2019 was a good year for consumer technology and the wider tech space. Smartphones became smarter and faster and Moore’s Law lost pace with reality. Gadgets in your hand or even something as simple as a lightbulb, now pack more power than possibly imagined even only 5 years ago.
CES is the yearly event that showcases many tech companies’ latest products, services and innovations. Some of these go on to be amazing successes, but others can fade away from public view even if they seemed to be a great idea at the time – Microsoft’s touch-screen coffee table, for example.
This year one of the main themes will be 5G and its integration into chips. Qualcomm will lead the way on this as Intel recently sold its entire modem division to Apple. Expect something from Cupertino later in the year, possibly even embedded on Apple’s own A series chips rather than a standalone unit.
The actually rollout of 5G, however, has also been problematic. Fears over mast security using Huawei gear has limited its adoption, with Vodafone leading the way in the UK, but only on a city-by-city basis.
5G is not just another fast version of mobile data. It can also handle digital TV and radio signals. It could be a game changer for remote areas, starved of broadband, around the world. It could also be the catalyst for retiring standards like DAB/DAB+ in radios.
Last year, Samsung made a splash with the 8K televisions it had in its product pipeline. Unfortunately, outside specialist natural history programming, not much content has been made to take advantage of the incredible definition 8K has to offer. Perhaps 2020 will be different, fuelled by sports events – the Olympics and Euro 2020 – but without an overall 8K offering, spearheaded by the likes of the BBC, such HDTV is likely to take another couple of years to breakthrough into the mainstream.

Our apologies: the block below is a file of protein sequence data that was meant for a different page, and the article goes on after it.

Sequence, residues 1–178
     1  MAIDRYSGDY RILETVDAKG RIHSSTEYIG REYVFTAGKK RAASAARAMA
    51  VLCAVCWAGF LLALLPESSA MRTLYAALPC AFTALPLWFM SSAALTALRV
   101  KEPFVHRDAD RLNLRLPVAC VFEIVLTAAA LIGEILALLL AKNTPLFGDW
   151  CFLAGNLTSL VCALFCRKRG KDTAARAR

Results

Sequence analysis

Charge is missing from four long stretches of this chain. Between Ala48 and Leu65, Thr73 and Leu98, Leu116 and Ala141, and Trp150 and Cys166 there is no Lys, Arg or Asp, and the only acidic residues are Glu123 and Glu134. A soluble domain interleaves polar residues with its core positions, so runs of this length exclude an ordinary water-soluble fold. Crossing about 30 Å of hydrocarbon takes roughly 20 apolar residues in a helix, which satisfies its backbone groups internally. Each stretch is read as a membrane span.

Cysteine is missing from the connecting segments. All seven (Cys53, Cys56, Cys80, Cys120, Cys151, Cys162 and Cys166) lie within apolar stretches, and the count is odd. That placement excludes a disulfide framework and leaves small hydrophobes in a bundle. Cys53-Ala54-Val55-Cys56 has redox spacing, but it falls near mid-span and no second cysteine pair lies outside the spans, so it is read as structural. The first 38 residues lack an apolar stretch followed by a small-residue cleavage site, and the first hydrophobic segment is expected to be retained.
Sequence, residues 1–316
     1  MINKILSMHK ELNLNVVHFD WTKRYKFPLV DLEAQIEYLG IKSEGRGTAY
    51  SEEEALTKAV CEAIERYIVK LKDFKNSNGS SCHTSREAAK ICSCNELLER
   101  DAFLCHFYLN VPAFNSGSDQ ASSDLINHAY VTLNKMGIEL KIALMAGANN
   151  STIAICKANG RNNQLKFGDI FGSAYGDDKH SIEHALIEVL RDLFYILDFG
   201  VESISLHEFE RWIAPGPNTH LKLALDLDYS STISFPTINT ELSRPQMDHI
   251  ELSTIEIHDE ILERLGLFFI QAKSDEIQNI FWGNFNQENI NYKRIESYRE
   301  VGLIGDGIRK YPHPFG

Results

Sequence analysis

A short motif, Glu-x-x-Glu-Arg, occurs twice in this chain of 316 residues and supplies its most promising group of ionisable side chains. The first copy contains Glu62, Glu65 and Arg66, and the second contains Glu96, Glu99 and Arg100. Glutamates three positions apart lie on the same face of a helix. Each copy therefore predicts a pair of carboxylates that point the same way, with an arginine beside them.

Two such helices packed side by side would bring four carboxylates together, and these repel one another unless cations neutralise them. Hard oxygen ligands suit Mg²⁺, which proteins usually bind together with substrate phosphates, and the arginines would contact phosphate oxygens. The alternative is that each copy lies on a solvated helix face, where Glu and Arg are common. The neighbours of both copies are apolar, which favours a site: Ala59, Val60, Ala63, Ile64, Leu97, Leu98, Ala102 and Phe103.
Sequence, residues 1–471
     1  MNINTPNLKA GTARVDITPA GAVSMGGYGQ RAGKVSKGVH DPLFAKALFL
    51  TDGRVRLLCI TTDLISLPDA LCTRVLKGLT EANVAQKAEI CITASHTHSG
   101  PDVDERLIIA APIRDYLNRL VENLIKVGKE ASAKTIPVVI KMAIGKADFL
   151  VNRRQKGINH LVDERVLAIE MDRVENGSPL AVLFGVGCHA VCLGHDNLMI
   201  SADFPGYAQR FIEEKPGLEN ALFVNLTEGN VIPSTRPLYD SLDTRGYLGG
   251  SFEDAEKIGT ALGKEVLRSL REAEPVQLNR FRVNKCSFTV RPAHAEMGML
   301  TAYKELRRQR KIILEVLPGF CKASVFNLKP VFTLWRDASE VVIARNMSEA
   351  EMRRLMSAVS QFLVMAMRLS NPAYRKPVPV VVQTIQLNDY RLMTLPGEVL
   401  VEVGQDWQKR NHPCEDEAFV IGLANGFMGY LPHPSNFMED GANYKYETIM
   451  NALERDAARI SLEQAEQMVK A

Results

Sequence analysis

Talking of streaming, 2020 will be the first year that a varied, high quality choice of TV streaming services has become available. There has been a degree of consolidation, and juggling of licensing rights as some shows get removed from third parties, like Netflix, and find themselves exclusively on parent networks.
Disney+ is the big one, but in Gibraltar we await working out which IP law using the service would fall under. Brexit will possibly add further uncertainty since UK (and therefore Gib) IP law is aligned with EU law, for now.
Plex is a hybrid streaming service that looks and acts like Netflix, but using your own media library across a network. What’s interesting, is that it now offers a limited catalogue of TV shows and films for free, of varying quality. It requires a payment to unlock all the home network features, but the Plex Pass is a one-off cost. This is a downside of the streaming revolution – subscriptions are required across multiple services and free trials can very quickly end up as £200+ a year bills.
Gaming is normally also another big draw for CES. This year is the build up for the next-gen PlayStation and Xbox. Both are scheduled for release at the end of the year, and both offer resolutions of up to 8K. This could be one of the factors that aids 8K TV adoption, as hinted earlier.
There are, of course, many other categories and vendors at CES – including transportation and photography – but without seeing the nitty gritty it’s difficult to even attempt to predict new trends.
We’ll have a round-up of some of the best new gear, next issue.